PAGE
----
In the past few weeks, I have heard similar stories from too many family members and friends. Basically, they learned that hundreds to thousands of dollars in charges had been made to a credit card, but the credit card was still in their possession. Most likely, they were all the victims of credit card skimming. Although credit card skimming has been around for years, the incidents of credit card skimming appear to be increasing quickly.
What is credit card skimming?
In a nutshell, with credit card skimming, thieves typically use a small electronic device to steal your credit card information. They do this by scanning and storing the data contained on the magnetic strip. Then, they often use this information to create counterfeit cards and the shopping spree beings.
Since we are following the Dave Ramsey plan, we mainly use cash, so I figured we were mainly “safe” but I learned that some of the more common target areas for skimmers are actually places where we still use our debit card: gas station pumps, ATM machines, and Redbox rental units. Other target locations include restaurants and grocery stores.
How to spot skimmers
I was surprised to find how easy it is to disguise skimming devices within the card readers of ATM machines and gas station pumps. Some ATM machines may also contain cameras above the keypad to record your pin number as you enter it or even a fake keypad to record your information. Even though it might take extra time, I think I might start dealing with tellers either in the branch of through the drive thru from now on!
Check out this article on Credit Card Skimming: How Thieves Can Steal Your Card Information Without You Knowing It. There are some great pictures of various skimming devices. It’s pretty enlightening!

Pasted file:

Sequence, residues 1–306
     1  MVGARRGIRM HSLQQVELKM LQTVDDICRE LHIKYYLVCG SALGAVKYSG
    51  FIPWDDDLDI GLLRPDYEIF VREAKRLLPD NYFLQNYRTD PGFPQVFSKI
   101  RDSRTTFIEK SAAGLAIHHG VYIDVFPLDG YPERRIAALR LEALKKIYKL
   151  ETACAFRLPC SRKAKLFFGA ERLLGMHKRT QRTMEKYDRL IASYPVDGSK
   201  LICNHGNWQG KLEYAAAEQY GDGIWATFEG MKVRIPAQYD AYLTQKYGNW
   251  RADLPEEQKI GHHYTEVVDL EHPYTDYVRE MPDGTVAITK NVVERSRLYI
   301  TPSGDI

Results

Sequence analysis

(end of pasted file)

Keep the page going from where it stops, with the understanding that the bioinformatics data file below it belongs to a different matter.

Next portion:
In addition to keeping an eye out for hidden devices on card readers, you should also make sure that your credit card never leaves your possession. This can be tricky in a restaurant where the waiter typically leaves with your card to process your payment. All the waiter has to do is use a small hand-held skimmer and then they have all of your information.
Make sure you watch your bank statements closely. If you have online banking, it’s a good idea to monitor your card activity regularly. You may also want to check with your credit card companies to see what sort of fraud protection they have in place. Some companies will monitor your accounts and will cut off access if there is suspicious activity.
What to do if you are the victim of credit card skimming (or any credit card threat/fraud)
Contact your bank or credit card company right away ~ Contact your bank or credit card company right away so that they can cancel the card. By law, you won’t be liable for more than $50 in charges. If your debit card information was stolen, your bank will cancel the account, but they typically have to wait for any activity to hit your account before they will respond. Once the fraudulent charges hit your account, they will typically place a credit on your account for the charges.
File a police report ~ Contact the police and file a police report. Make sure you keep a copy for your records.
Put a freeze on your credit report ~ Contact all three major credit reporting agencies (Equifax, Experian, and TransUnion) to put a security hold on your accounts. This will prevent people from opening new credit accounts using your name and information. Also make sure you check your credit report to ensure that no new accounts have been opened.